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Category: ajax

APEX and Asynchronous Ajax

I rarely read the release notes because I’m in a hurry to get to the good stuff. APEX 5.0 has plenty of good stuff to get to but I want to call your attention to one release note in particular: “Deprecated Synchronous Ajax in Dynamic Actions”

Earlier this year there was an interesting thread on the APEX forums titled Synchronous requests deprecated. It points out that some browsers are now giving warnings (if you have the console open) when synchronous ajax requests are made and, more importantly, that APEX apps that use dynamic actions with Wait For Result set to Yes will make a synchronous request.

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CSS Sprites vs. High Contrast Mode

Using positioned background images (a.k.a CSS Sprites) has a number of benefits:

  • Performance. One of the performance recommendations made by Yahoo’s performance team is to reduce HTTP requests. One way to do this is using the CSS Sprite technique — combining many images into a single background image.
  • Skin-ability. With the img tag the image URL is in HTML markup where it is hard to change. With CSS Sprites the image URL is in a CSS file making it more convenient to change. Sure you can change the contents of the original file but there are reasons for changing the URL. It is not as easy to move the images to a different server or group them in different image files when the URL is not in CSS.

However there are drawbacks. The biggest is accessibility, specifically high contrast mode. In high contrast mode all background images and colors are ignored — replaced with high contrast colors such as white on black or black on white. The other issue is that background images are not always printed.

The prevailing accessibility advice is to not use background images for functional images. The underlying problem is that there is no way in HTML/CSS to identify a background image as being functional. They are all considered decorative. It is also true that not all img tag images are functional but again there is no way to distinguish them for the purpose of high contrast mode. So high contrast mode makes a reasonable assumption that background images are decoration to be removed and img images are functional and must be shown. From here on I’ll call functional images icons. They either convey important information or are interactive (like a toolbar button for example).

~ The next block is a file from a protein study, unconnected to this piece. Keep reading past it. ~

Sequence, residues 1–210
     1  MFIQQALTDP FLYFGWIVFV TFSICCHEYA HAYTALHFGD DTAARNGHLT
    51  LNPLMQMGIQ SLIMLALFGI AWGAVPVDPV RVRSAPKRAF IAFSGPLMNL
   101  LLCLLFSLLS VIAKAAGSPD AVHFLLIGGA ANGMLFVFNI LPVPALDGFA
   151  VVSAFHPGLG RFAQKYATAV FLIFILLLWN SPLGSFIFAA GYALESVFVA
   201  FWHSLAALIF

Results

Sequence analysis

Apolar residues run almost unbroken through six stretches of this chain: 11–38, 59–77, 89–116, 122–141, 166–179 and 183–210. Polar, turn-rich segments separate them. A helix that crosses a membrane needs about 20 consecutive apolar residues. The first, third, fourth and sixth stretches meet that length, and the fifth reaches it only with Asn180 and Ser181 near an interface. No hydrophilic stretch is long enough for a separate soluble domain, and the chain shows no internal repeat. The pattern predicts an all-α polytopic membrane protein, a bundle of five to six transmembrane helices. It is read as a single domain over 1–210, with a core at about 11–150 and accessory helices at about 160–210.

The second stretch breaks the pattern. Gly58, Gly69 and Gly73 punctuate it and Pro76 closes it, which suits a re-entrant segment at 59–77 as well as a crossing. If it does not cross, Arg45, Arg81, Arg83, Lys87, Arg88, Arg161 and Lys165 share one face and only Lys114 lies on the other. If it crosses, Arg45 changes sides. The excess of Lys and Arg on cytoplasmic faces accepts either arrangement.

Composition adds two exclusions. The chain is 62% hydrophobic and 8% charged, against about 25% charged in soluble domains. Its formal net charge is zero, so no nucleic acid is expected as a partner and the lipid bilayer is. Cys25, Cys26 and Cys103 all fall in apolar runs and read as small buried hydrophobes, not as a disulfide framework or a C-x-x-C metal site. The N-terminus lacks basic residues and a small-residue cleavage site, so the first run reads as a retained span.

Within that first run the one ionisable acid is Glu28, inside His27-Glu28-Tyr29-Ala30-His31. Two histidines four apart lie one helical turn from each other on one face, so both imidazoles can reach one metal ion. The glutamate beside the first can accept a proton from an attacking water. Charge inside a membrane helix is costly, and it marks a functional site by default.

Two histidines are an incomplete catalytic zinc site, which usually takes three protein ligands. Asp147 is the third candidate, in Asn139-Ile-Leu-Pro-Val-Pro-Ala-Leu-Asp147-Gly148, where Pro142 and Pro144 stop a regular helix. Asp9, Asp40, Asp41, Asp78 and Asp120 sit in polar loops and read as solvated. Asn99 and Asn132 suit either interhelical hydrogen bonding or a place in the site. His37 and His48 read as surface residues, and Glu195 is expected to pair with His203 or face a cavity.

I have seen recommendations that functional background images should be replaced with text when high contrast mode is detected. This does not seem right to me at all. A desktop app does not change its toolbar button icons to text in high contrast mode. The assumption is that icons are already designed to have reasonable contrast.

It also just feels right to me that the icon URLs should come from CSS.

Since I care about performance and accessibility I’m not happy with this conflict. I want a solution that puts the icon URL in CSS, works in high contrast mode and allows me to combine icons into a single image file. Here is what I came up with.

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Comments on “Life above the Service Tier”

I have read Life above the Service Tier a few times now. Its a very good paper, one that really changes your perspective, but I wish it was better. If you work on web applications and you haven’t read this paper I recommend that you go read it now — but do come back.

I agree with the overall reasoning and the conclusion.

So one obvious way to correct the thin client architecture is to implement a true MVC framework on the client side… That means that all “Presentation Flows” must occur within the currently ­loaded web page… So one workable model is the Single Page Application (SPA).

First let me get some minor complaints out of the way.


The Ajax Experience

I just attended the 2007 Boston Ajax Experience. Its been a while since I attended a conference like this. It is nice to have an employer (BEA) that recognizes the value in such things. The conference was excellent. It was full of great topics and the presenters were top notch.

I’m not going to describe each session but I’ll mention a few that stand out in my mind. I’ll also throw out some random thoughts, impressions and lessons learned.

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